FAQs: getting to grips with funding
Scholarships and funding are open to application from UK graduates but may also be open to students from elsewhere in the EU. You will need to check with each individual organisation to see if you are eligible to apply to them for funding - some have residence conditions and only fund certain approved courses.
You may be from a region of the UK that has its own exclusive funding scheme, such as the Postgraduate Students' Allowances Scheme for Scottish graduates wishing to study in Scotland. In Northern Ireland, the Education Authority and some government departments offer funding to UK postgraduates wanting to study an approved course in Northern Ireland.
UK research council funding
Funding bodies exist to support different fields of study. For example, The Natural Environment Research Council and the Arts & Humanities Research Council offer funding for postgraduate research projects, as do several other postgraduate funding councils.
There are also a number of independent charities and trusts that offer funding for postgraduate research, especially in the areas of science and medicine.
What if I can't get funding?
If you don't manage to secure funding, other avenues to investigate include professional and career development loans, MBA loans or a government-backed masters loan for students resident in England or the EU. If you are already working, you may be able to persuade your employer to sponsor you if you can convince them that your development will benefit them. You could also consider doing a postgraduate course part time or via distance learning, which could enable you to stay in part-time employment.
How much does it cost to do postgraduate study?
The cost varies widely. Tuition fees range from £3,400 upwards. The average cost of postgraduate tuition fees for UK and EU students (this has not changed since the referendum), including both taught and research courses, is currently around £8,000, and could be twice as high or more for international students. As a rule, clinical courses and MBA courses tend to cost more than classroom-based courses.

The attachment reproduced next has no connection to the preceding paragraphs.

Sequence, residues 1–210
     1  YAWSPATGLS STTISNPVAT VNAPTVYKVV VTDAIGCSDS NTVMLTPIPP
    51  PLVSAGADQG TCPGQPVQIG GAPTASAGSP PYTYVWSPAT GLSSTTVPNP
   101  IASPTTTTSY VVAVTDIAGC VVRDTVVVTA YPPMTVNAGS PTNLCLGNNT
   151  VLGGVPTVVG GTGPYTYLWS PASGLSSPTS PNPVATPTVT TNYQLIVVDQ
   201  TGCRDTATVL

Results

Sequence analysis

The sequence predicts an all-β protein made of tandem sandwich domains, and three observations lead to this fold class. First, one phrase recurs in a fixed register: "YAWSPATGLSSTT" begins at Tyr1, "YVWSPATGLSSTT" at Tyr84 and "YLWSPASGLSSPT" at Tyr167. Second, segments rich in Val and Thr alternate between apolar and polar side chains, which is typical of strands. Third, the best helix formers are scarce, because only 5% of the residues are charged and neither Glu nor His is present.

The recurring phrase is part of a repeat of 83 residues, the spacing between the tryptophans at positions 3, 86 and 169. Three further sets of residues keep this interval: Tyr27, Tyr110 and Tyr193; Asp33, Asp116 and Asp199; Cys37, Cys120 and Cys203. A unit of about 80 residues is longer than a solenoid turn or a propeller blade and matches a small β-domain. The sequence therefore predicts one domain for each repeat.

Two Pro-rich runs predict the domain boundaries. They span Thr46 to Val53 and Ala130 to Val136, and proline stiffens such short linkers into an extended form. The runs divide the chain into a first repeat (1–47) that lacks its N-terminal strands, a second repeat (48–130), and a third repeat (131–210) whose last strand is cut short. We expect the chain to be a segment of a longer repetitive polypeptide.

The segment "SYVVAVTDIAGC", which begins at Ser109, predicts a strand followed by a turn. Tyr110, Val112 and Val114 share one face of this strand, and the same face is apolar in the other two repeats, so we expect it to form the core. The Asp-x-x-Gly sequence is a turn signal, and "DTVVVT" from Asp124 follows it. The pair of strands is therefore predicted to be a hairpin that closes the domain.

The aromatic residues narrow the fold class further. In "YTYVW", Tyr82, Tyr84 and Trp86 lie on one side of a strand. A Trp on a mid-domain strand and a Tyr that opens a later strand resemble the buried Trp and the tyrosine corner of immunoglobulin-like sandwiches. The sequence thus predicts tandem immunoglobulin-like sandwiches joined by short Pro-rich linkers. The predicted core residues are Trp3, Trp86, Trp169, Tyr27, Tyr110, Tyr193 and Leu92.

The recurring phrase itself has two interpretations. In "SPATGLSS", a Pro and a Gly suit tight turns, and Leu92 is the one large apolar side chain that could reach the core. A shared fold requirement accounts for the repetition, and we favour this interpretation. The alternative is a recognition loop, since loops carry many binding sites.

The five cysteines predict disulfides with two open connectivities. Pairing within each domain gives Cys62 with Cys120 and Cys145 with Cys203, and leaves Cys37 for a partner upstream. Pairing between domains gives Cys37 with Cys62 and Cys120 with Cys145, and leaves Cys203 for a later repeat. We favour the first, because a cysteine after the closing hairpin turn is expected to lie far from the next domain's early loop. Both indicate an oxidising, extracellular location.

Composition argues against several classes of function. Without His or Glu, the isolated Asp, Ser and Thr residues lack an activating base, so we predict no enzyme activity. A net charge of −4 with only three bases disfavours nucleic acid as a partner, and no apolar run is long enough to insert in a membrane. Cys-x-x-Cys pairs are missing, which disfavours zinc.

The location of your academic institution will also come into play: the cost of living in London or other large cities will be more than in other parts of the UK. Important factors to consider when estimating the cost of postgraduate study include:
- tuition fees
- materials used for research (these may not be covered by your tuition fees)
- rent (visit the council websites of the area you will be studying in)
- general living costs, including food, the internet and utility bills
You should think these costs through carefully, especially if you are considering applying for a loan. Banks will be more willing to give you a postgraduate loan if you present evidence of your financial planning. Universities also offer detailed information on living costs in the area, so contact the accommodation or finance office of your chosen institution to get more information on these.
Is it cheaper to study part-time at postgraduate level?
Eventually you'll be paying the same amount of fees as you would if you were studying full time, so part-time postgraduate study shouldn't be seen as a cheaper ticket. It will help to break up your tuition fee payments, but also means a longer time spent studying.
How do I decide whether to study full or part-time?
It is very much a decision on the grounds of your current circumstances. Can you afford to go straight into full-time postgraduate study? Will it make financial sense for you to be in education for a longer period of time by undertaking a part-time course? These are some of the questions you'll have to consider. It can be helpful to discuss this with friends, family or even your bank manager. Your postgraduate study is an investment in your future and you will need to balance what is financially feasible with your personal goals.